Planning condition to be lodged on certificate of title to warn buyers of potential odours and transport noise
‘Buyer beware’ is perhaps one of the better known legal maxims. Even its Latin translation ‘caveat emptor’ is recognisable by many people. Hold that thought.
Land use conflict is becoming a more common phenomenon, particularly in these days of increasing urbanisation, on what was once the periphery of metropolitan areas, and infilling of former industrial areas with residential development.
This urban development and town planning phenomenon finds legal expression at the intersection of town planning and environmental law. This is a complex legal and policy area which has been of interest to this firm for many years, particularly because it affects both industrial and urban development clients.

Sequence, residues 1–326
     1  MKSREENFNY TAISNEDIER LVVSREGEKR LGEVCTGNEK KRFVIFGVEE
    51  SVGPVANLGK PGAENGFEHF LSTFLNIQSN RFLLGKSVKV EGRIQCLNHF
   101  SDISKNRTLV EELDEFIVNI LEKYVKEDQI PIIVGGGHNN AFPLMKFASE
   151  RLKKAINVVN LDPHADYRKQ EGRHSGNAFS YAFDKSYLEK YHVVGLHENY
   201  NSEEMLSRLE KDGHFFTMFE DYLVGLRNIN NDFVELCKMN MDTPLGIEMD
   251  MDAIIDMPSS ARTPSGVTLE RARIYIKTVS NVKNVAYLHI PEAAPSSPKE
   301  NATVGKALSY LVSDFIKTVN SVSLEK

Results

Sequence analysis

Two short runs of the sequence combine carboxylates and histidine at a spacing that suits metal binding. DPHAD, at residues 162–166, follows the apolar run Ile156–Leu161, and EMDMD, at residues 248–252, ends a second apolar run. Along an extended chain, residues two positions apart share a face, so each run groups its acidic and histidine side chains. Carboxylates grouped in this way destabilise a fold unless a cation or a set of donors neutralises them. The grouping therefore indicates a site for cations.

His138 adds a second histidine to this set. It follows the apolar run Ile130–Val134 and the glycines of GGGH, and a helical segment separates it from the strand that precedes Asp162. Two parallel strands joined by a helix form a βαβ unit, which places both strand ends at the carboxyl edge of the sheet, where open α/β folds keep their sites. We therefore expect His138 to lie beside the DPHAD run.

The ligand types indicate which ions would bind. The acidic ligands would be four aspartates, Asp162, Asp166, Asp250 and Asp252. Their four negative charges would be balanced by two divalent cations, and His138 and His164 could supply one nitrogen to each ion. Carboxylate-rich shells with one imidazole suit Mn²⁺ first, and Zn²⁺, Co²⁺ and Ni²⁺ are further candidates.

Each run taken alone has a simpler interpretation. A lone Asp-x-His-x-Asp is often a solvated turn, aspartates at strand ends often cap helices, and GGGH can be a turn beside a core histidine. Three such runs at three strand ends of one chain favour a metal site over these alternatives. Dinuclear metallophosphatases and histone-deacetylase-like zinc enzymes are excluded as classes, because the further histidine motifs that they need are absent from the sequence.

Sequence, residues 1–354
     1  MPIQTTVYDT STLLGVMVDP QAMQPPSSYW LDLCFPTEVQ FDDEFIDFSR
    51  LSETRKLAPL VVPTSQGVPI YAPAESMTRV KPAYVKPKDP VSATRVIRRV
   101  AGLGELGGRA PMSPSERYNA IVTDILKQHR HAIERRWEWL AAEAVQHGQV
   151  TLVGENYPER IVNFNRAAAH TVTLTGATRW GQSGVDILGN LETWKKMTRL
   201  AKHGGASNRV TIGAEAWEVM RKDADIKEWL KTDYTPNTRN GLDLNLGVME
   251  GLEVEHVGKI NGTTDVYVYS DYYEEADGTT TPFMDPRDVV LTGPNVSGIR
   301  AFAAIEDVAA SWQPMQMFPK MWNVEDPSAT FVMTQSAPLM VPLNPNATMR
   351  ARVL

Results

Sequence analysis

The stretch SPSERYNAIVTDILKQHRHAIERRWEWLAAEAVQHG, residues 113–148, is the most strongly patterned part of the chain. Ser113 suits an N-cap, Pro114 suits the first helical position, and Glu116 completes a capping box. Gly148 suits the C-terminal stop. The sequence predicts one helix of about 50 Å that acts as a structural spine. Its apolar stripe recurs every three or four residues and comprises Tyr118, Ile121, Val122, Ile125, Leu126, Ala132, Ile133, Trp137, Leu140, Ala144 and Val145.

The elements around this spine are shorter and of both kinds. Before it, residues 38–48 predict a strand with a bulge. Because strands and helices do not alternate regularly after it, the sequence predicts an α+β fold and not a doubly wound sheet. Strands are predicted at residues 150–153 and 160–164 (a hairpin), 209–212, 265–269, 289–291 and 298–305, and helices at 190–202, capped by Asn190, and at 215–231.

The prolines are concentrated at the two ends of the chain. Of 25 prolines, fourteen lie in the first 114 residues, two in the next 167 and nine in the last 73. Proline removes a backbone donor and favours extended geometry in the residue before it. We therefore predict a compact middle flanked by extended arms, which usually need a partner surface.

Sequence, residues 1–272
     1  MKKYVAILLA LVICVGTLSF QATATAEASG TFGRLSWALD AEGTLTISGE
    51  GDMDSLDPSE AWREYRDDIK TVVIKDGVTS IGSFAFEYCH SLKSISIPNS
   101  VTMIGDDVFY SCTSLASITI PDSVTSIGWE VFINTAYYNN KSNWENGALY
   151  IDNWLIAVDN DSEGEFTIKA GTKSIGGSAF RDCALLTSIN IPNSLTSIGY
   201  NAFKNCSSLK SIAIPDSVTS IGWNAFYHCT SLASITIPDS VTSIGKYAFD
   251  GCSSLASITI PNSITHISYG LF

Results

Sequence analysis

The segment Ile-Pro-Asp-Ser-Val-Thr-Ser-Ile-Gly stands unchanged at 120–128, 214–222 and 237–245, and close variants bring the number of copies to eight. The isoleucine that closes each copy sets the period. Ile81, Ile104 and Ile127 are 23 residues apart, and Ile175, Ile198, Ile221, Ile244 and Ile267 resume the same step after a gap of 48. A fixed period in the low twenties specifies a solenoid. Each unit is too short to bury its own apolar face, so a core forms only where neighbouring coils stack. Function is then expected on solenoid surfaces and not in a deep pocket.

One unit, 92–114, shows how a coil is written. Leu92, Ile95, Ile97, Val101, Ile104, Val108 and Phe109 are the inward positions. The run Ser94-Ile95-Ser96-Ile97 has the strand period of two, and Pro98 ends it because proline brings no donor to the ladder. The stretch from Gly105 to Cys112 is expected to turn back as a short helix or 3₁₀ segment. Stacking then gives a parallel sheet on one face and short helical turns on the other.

A recent decision of the Supreme Court of Western Australia is of significance to the growing body of law and policy in this area. It overturned a decision of the State Administrative Tribunal (SAT), which held that memorials on title could not be applied to warn of a land use conflict between a small goods manufacturer and a major apartment development. A memorial on title can serve to warn prospective purchasers, engaged in a due diligence exercise, of a potential land use conflict.
The Supreme Court has overturned the SAT decision, with the effect that the SAT must re-decide the case. To read a brief summary and overview of the Supreme Court decision, please click here.